Wednesday, 11 July 2012

Legumes developing, basil dead

Growing French bean
Runner bean flower buds

There are now several French beans on the way, even though the plants are tiny - I knew they were a dwarf variety, but I expected them to grow to more than a foot tall before flowering.

Several of the runner beans have reached the top of the cane wigwam, and are starting to flower. I'll have to pinch off the tops soon to make them bushier.

The broad beans have almost all died, and the surviving plants are looking brown and unhealthy. I think I've had a net loss of broad beans this year - planted about thirty, and got to eat about twelve.

And the last basil plant has been critically injured by a snail. It was doing OK, with about six proper leaves, but a snail somehow climbed up the inside of the greenhouse, across a wire mesh shelf, and shredded it. Annoying. No home-made pesto for me this year.

Saturday, 7 July 2012

Onion harvest

The onion harvest
I spent ten minutes today getting in the onion harvest, shown in almost its entirety in the photo - I had already cooked with one, two were rotten when I pulled them up, and three have produced a flower stalk, so I'll leave those and see if I can get some seeds. This is the second year I've had disappointing results with onions, and I will probably not bother to buy any more next year.

Today I also did a bit more scything, and weeding, and pulled up some more bolted turnips. This was mostly so that I could feed the compost heap, which is warm to the touch and which processes new green matter very quickly.

Tasty tasty peas
A few days ago I ate the first batch of peas to ripen - there weren't many of them, but they were very flavoursome. The portion I ate for supper was even smaller than it need have been, because I ate quite a few of them raw while I was shelling them.

Saturday, 30 June 2012


Broad bean pods

Tiny potatoes
Last weekend I picked the small number of mature broad beans, and ate them on toast. Very good flavour, but because of the small number of plants which have survived this long, I will probably only get a handful of beans at a time.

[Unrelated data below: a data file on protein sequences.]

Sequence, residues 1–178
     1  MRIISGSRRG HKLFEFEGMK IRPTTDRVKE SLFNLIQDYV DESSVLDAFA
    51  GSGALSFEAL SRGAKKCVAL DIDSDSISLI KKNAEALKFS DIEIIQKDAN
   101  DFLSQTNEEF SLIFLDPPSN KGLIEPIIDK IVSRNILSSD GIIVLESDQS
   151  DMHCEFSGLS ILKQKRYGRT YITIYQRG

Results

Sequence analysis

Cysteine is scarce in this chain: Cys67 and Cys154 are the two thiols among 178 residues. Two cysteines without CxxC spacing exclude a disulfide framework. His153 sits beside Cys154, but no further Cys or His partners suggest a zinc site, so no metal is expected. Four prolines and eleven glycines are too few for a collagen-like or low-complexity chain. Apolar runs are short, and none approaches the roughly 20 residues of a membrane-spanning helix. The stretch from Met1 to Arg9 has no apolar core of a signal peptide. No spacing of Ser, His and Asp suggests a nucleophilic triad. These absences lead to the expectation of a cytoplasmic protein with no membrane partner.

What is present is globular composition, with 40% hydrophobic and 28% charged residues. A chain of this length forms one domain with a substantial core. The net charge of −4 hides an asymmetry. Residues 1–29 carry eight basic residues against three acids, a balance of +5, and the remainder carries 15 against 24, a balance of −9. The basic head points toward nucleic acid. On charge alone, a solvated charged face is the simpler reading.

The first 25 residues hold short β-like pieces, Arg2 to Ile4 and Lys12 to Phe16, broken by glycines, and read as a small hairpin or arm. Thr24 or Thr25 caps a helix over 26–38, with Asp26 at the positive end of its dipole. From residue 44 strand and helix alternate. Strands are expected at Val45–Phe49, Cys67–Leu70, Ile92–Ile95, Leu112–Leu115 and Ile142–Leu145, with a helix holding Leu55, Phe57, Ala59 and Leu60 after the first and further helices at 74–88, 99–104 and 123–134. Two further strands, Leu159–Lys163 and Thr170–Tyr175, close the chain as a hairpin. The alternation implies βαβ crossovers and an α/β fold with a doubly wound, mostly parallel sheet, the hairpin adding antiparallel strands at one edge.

The largest turnip turned out to be inedible - the plant bolted and produced flowers, and the root became very tough and woody. It had a good smell though, quite like horseradish. I dug out and composted the other turnips in that row, as they had bolted too.

It looks as if the onions have grown as much as they intend to - the tops have fallen over and have started to die off, so it's time to harvest the onions. The largest is about the size of a billiard ball, maybe a little bigger.

Today I excavated under one of the early potato plants, and found two potatoes the size of small marbles. The plants are in flower, but I guess they haven't finished growing the tubers yet.

Wednesday, 20 June 2012

More sowing, potting on and planting out

Tomato plants in final pots
The two largest tomato plants are now in their final pots, and will sit outside in a sunny corner by the house. It's a bit sunnier after I pruned some hawthorn hedge and cut a big bough from an ash tree nearby.

I planted out another courgette seedling (only one out of three germinated from the second batch), and I put three chitted seeds in the bed to make up the six originally planned for (its actually seven, but two chitted seeds are in the same spot. I'll pull out the weaker one if necessary.) I'm not very impressed with the germination rate of these courgettes.

Lastly I planted another row of carrots in bed six, the radishes that were there temporarily having been thrown away yesterday. That finished up the packet of Early Nantes, and nearly finished the Nepal F1.

Putting a few more weeds on the compost heap I noticed that the top is warm to the touch - probably mid 30s C is my guess.

Tuesday, 19 June 2012

Dry day at last

Garden, post-tidying
Compost heap, rotted down quite well
A nice, sunny day today, and the neighbours have given me a key to their shed, so I can borrow their mower. I borrowed their mower, and eventually worked out how to start it. Once running, it made short work of the long grass, even the lumpy bits. Sadly it also made short work of a frog who I didn't spot and who didn't get out of the way in time.

I sheared the grass round the edges of the beds, and a lot of nettles and fumitory which was growing between the fence and the long row of beds at the bottom of the garden. The clippings have filled the compost heap to overflowing, even though it had sunk about two feet since I last filled it up (three weeks ago). I'm pleased that it is composting so fast - it must be hot composting, although I haven't got a thermometer to check it. Mild weather and lots of rain is probably just right for fast rotting.

Quite a few weeds went into the heap as well - I hand-weeded the carrots, onions and leeks, and I harvested the last of the first batch of radishes, and composted the tops.

Sunday, 10 June 2012

More tomato potting, new sowing of salad plants

Tomato plants
The three tomato plants from the second batch were poking roots through their peat pots, so I planted them into bigger pots. These pots are probably too big, but they're all I could find.

I also tore out the bolted rocket, choy sum, and pak choi from bed ten, and planted more mixed salad, lettuce (two rows), choy sum, rocket and radishes.